Ben Platt performs with the cast of "Dear Evan Hansen" onstage during the 2017 Tony Awards at Radio City Music Hall on June 11, 2017 in New York City. (Photo by Theo Wargo/Getty Images for Tony Awards Productions) Theo Wargo—Getty Images for Tony Awards Productions
12:44 AM ET
Move over, Hamilton. The tear-jerking Dear Evan Hansen dominated the 71st Annual Tony Awards on Sunday night, scooping up six awards including Best Musical, Best Score and Best Actor.
The modern musical that explores depression, loneliness and teen suicide edged out its top competitor Come From Away, a Canadian musical about a Newfoundland town's effort to help diverted travelers on Sept. 11, 2001. Come From Away still left with the title for Best Director of a Musical.
The Bette Midler-led Hello, Dolly! won Best Revival of a Musical, Oslo won Best Play and Jitney won Best Play Revival. The most nominated show this year, Natasha, Pierre & the Great Comet of 1812 won two creative awards.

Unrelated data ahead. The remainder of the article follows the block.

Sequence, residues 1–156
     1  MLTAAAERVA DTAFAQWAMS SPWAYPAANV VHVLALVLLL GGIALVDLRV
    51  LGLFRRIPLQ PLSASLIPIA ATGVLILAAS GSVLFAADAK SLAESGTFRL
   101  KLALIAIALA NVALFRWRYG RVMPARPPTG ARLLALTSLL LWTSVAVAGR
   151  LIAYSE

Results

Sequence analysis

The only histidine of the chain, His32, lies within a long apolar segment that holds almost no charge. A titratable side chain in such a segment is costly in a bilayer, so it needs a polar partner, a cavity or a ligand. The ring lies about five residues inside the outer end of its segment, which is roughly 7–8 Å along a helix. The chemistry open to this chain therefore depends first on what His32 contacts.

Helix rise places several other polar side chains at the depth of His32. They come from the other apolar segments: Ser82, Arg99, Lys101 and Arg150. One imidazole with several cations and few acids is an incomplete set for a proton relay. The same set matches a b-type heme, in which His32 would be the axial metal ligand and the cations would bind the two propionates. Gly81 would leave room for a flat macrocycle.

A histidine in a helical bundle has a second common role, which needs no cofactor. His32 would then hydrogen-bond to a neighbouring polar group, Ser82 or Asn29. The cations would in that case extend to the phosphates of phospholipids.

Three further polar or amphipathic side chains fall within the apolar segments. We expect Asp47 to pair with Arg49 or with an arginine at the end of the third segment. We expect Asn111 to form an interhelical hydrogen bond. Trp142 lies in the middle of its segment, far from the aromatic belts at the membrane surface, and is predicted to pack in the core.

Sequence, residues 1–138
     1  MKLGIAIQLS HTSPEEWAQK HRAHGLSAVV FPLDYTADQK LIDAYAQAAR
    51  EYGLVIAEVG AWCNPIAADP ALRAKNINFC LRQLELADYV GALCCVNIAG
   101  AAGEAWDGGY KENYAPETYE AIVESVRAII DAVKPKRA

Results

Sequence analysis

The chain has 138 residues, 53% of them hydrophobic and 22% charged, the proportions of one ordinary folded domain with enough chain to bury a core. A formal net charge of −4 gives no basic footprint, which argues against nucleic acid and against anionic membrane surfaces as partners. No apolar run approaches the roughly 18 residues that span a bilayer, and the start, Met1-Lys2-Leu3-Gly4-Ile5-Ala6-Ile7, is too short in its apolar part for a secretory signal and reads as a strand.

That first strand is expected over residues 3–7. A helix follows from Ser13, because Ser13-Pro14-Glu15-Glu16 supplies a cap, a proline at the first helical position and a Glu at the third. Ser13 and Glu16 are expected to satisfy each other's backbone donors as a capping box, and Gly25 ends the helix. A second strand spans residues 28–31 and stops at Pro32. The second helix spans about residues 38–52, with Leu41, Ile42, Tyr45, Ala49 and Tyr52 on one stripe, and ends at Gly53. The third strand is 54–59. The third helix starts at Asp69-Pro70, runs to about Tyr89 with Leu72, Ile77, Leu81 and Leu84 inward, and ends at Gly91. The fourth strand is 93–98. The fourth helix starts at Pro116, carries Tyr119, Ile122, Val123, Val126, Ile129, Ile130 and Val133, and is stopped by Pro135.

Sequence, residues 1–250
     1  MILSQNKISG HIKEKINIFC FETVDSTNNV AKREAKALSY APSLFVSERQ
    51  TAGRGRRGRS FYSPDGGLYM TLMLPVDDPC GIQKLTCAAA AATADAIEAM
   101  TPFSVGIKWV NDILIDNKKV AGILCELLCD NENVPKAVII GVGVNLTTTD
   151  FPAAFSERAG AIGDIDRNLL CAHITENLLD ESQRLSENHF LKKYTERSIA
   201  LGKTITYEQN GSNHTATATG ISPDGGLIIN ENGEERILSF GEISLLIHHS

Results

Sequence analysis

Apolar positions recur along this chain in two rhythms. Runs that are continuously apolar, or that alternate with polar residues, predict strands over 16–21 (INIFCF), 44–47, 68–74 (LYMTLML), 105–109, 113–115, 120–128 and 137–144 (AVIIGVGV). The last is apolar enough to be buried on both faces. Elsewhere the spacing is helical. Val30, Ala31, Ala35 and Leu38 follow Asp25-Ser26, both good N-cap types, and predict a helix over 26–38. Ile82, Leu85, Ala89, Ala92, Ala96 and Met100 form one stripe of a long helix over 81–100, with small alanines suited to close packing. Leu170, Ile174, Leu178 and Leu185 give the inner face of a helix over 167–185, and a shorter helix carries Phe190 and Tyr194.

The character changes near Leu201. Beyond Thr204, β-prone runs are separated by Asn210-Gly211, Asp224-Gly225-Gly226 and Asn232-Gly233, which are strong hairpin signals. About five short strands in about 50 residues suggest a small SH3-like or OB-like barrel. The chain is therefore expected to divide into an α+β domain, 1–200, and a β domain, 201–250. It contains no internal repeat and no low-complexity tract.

Kevin Spacey hosted the show, which included a slew of appearances from celebrities in and out of the Broadway world like Stephen Colbert, Tina Fey, Lin Manuel Miranda and Whoopi Goldberg. A Tony winner himself, Spacey held his own in the theatre world and delivered an opening number that channeled each of the nominees for Best Musical. And while the number of political jokes were less frequent than those seen in other awards shows, nominees and winners voiced their support for funding for the arts in schools and around the country as potential cuts face the National Endowment for the Arts.
Here are the best — and worst — moments from the show: